The flow of musical instruments as commodities of international trade has significant theoretical ramifications for organologists, because it helps to articulate the various types of human relationships these instruments have as they encounter different individuals over the course of what has been termed their ‘social life’. For instance, Igor Kopytoff (1986) writes of the process through which objects (specifically slaves) transform to become commodities. These changes do not occur instantly, or overnight, but are part of a process that is to be understood as dynamic, in flux, and intangible. This work could serve as a model for organological investigations into the way in which musical instruments enter the marketplace, especially when combined with Miller’s theory of consumption. An example of this type of research is Sean Murray’s paper on pianos and the 19th Century Ivory trade (Murray 2007).


The Physical Relationship – Performance, Practice and Discipline
Perhaps the most complex way in which musical instruments interact with humans is through the intimacy of musical performance and practice. Some might argue that the relation is so intimate that the distinction human and instrument is dissolved. In describing the way in which he communicates via the piano, David Sudnow (1979) describes it as an extension of himself – another medium he uses for sonic expression beyond that of his vocal cords. When I think of playing the didjeridu and the way in which the instrument alters and amplifies the buzzing of lips and the continuous column of breath flowing out of its orifice, it seems appropriate to think of the instrument as an extension of the player, rather than a separate entity. Scholars in many fields have found examples of intimate human/non-human interactions that blur the distinction between person and thing such as: Robert Plant Armstrong’s “works of affecting presence” which are objects that “own certain characteristics that cause them to be treated more like persons than like things” (Armstrong 1981:5); the Marx’s analysis of workers as human extensions of the machines they operate; ethnographies of the South Pacific in which ritual artifacts called Malangan are treated as part of the human life cycle (Küchler 1987. 1988); the increased usage of machines to replace internal organs in modern medicine; and various theorizations of online behavior as ‘post human’ (Haraway 1991). These types of cyborg analyses might prove useful in organologies of performance.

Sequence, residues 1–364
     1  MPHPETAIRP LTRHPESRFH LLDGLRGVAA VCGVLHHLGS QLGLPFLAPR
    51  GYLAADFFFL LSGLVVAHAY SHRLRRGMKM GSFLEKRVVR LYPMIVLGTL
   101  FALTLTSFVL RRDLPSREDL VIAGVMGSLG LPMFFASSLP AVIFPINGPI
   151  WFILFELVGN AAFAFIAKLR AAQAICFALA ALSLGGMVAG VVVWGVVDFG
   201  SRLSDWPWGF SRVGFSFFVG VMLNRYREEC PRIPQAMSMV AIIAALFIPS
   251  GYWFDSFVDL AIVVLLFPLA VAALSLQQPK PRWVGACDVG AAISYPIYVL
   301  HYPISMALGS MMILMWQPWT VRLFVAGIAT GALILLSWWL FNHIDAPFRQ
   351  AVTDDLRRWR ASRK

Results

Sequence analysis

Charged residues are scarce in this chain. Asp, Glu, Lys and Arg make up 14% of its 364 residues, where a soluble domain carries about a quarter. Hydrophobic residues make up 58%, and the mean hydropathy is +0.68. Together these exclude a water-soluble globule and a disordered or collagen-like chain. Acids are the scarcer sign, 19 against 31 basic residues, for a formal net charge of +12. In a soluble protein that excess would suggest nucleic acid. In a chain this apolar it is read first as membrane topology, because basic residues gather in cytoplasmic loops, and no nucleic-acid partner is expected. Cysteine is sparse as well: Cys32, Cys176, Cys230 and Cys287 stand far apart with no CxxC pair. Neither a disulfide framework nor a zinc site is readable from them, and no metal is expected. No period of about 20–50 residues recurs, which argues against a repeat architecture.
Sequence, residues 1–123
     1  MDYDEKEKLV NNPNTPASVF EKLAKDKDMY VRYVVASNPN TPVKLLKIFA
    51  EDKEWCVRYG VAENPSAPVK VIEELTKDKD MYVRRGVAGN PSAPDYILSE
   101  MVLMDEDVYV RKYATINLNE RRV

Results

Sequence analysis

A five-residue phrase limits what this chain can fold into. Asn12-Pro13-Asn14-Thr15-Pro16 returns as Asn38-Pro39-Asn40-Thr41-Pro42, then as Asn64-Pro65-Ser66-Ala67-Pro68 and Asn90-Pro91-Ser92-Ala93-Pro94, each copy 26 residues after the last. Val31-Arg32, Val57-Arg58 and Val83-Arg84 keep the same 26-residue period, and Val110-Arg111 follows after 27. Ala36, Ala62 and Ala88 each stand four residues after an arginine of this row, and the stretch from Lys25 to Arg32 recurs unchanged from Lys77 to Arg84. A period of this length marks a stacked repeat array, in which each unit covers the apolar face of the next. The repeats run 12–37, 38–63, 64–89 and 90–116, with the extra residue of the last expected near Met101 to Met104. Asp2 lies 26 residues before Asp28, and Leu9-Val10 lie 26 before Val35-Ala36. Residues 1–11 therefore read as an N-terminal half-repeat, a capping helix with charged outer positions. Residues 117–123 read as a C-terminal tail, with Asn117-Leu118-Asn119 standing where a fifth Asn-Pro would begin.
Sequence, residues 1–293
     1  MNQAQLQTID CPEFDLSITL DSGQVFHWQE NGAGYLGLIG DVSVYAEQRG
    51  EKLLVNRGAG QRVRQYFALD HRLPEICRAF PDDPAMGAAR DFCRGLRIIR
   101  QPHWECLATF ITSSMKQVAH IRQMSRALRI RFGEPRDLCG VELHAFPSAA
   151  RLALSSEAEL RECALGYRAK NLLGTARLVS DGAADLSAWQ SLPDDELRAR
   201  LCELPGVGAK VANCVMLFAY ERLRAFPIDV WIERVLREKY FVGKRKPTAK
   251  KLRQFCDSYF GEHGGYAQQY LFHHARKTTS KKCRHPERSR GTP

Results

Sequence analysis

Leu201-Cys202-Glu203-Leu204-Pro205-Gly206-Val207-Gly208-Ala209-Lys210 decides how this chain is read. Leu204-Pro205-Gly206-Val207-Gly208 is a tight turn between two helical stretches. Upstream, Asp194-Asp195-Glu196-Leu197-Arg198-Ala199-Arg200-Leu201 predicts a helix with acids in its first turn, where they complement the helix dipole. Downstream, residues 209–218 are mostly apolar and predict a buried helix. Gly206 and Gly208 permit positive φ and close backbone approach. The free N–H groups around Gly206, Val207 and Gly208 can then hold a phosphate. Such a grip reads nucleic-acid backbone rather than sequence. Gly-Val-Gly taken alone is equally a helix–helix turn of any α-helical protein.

The relationship between player and instrument is so intimate that both are physically altered in the process – a topic that has sparked debate in organology with reference to methods of collections conservation (Fisher 2007), but needs to be addressed with regard to the effects instruments have on players. Learning to play a musical instrument shapes the player’s body through the development of certain types of dexterity and the strengthening of particular muscles in a way that resembles the active relationship humans have with sports equipment as opposed to the passive bodily shaping of desk chairs. Often, however, there is more to learning than just going through the motions: for example, in learning to play golf, one’s arms strengthen while learning how to swing a club, yet at the same time one also learns to embody ‘appropriate’ behaviors on the golf course. Similarly, when learning to play the piano, one learns to identify oneself with the culture of that repertoire whether it be Scott Joplin, Mozart, or church hymns. However, one also learns the fundamentals of music theory, chord progressions and cadences, major scales and the spatial orientation of intervals. The same could be said for any theory of music with regard to any instrument. Learning to play a musical instrument involves learning about the relationship between sounds in time. It impacts the student physically, culturally, and intellectually and creates a truly unique human/non-human relationship.
When learning to play musical instruments of different cultures, frequently players begin to identify themselves with romanticized notions of that instrument’s culture of origin as the those origins get filtered through the player’s individual experience. Yet as players associate themselves with the instrument and its culture, the instrument gets associated with the players and their culture. Through a slow, gradual process, the didjeridu can be transformed from an ‘Aboriginal instrument’ to a ‘hippy new age instrument’. Its connection to Aboriginal Australia gets blurred by numerous connections to both specific and generic tropes of Otherness such as: yoga, Eastern meditation and mysticism, chakras, crystals, African drumming, and Native American shamanism. The didjeridu will always index Australia, but that index gets subsumed by an index of ‘hippy new-age culture’ which consists of various appropriations of Otherness and recontextualizations of material culture (Fig. 3).